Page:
Tiny Winter Treasures

Winter Header web

From Trevor Nottle - The cold, slow weather of Winter gives gardeners an opportunity to grow and enjoy some small plants that would scarcely attract a second glance in the floral competition of the warmer months.

In particular small, early bulbs are very useful in this regard. Interplanted with later shooting perennials and small shrubs they will flower when the bigger plants are dormant and benefit from the shade as the bigger plants leaf out. Like all bulbs, the small kinds need a dry resting period over Summer but they will not tolerate being baked in soils over-heated by direct sunshine. Being thrifty plants, accustomed to living in hungry root-filled soils among low shrubs and herbs – such as the phrygana of Greece and the maquis and garrigue* of Provence, they get by with a light sprinkle of tomato food applied as the new leaves emerge.

*Two kinds of shrub, one with small shrubs and stunted trees, the other with dwarf shrubs and low herbaceous perennials.

Winter 1 Snowdrops web

Snowdrops flowers come what may, wind, rain, frost and hail.

SnowdropsGalanthus species. A race of winter flowering bulbs with strong cultural connections to Europe and England, which explains their current popularity. While many species are available from specialist bulb growers, the hardiest kinds are derived from Galanthus Elwesii, which are readily available from growers in Victoria and Tasmania. Silver green leaves appear first followed by stems holding up pristine bells of white flowers; the outer three petals are snowy white and the inner three are marked with green blotches in a variety of combinations – by which the numerous kinds can be distinguished.

Winter 2 Mouse plant web

 Mouse plant, a great favourite with children and so easy to grow.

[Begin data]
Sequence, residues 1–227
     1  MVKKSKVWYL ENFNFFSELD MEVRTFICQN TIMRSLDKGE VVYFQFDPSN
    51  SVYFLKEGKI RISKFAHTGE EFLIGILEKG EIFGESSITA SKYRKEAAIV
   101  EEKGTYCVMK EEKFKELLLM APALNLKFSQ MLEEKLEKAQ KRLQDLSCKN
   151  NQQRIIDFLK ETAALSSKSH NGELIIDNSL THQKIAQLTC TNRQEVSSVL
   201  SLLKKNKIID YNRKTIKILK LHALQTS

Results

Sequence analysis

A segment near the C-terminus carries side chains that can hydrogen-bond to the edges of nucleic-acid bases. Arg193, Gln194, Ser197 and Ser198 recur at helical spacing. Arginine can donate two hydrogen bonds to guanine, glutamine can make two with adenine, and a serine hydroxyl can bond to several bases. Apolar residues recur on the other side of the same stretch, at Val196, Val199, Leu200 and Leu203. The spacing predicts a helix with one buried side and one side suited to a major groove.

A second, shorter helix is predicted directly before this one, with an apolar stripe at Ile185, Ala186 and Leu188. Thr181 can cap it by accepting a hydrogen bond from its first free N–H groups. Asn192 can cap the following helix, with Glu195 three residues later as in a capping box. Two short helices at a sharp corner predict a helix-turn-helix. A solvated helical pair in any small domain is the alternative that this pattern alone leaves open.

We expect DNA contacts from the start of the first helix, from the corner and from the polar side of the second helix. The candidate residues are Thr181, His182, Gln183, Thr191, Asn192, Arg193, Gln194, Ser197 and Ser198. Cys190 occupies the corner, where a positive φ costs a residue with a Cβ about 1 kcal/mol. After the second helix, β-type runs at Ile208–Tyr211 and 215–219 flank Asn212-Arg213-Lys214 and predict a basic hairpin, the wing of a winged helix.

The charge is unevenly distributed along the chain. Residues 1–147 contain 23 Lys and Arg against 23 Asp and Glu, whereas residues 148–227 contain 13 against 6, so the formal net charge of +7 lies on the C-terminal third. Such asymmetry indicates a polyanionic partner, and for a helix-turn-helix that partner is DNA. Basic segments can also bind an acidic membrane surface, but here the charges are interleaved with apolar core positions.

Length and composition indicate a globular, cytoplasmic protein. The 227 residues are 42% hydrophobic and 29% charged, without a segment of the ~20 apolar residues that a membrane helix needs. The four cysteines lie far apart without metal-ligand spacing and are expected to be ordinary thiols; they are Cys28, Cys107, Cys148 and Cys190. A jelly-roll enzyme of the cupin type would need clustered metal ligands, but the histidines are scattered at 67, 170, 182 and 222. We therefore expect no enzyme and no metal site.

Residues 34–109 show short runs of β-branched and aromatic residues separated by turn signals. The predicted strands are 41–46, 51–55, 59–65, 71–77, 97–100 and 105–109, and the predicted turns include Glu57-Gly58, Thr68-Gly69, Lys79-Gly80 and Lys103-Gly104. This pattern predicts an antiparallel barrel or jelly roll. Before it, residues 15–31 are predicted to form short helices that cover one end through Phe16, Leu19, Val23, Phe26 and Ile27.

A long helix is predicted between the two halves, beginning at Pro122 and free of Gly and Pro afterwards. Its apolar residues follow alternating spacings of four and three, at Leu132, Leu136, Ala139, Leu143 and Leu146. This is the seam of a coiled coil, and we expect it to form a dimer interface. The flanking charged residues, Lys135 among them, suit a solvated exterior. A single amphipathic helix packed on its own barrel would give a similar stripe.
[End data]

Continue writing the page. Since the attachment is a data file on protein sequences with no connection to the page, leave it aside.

Asrisarum vulgarethe Mouse Plant. A very eager colonizer of shady dry-ish spots that appears in late Autum bearing 2 or 3 narrow cordate leaves (heart shaped) with some silvery blotches. By mid-Winter short stems appear and hold up curious brown, hooded flowers with white stripes. Most appealing to children and a very willing do-er. A tuberous plant well suited to dry out-of-the-way spots where it can multiply happily without becoming a nuisance. A plant much loved by Colonial era gardeners that has now fallen from favour but charming none-the-less.


 Winter 3 Cyclamen coum web

Cyclamen coum has no common name which seems appropriate for such a rare beauty.

Cyclamen coum - A race of small tubers from Turkey where they inhabit mountain passes and coastal plains generally among rocks and under the high cover of deciduous trees. There are many selected cultivars in a range of leaf patterns and flower colours ranging from pure white to deep rose and cerise. By not digging around the tubers new seedlings are encouraged which can be moved to new spots after a year or two. Tubers produce large amounts of seed which will soon spread to make a delightful colony.


 Winter 4 Helleborus cyclophyllus web

The Green Hellebore is but one of a handful that shows green flowers; slow to get started, it will make a strong and floriferous clump inside 5 years.

Helleborus cyclophyllus A strong green flower colour marks this Hellebore as one of distinction. Hailing from northern Greece, Macedonia, Bulgaria and Albania this is a plant of the edges of deciduous forests among rocks and leaf mold. At mid-Winter the leaves have blackened and should be cut away. Very soon the flower stems will emerge and grow strongly, first showing a ruff of bright green leaves with matching flower buds held among them. The flower buds and stalks will keep growing until they stand above the leaves and the flowers open to the familiar pendant circular flowers with prominent stamens and anthers – all dressed in a brilliant apple green.


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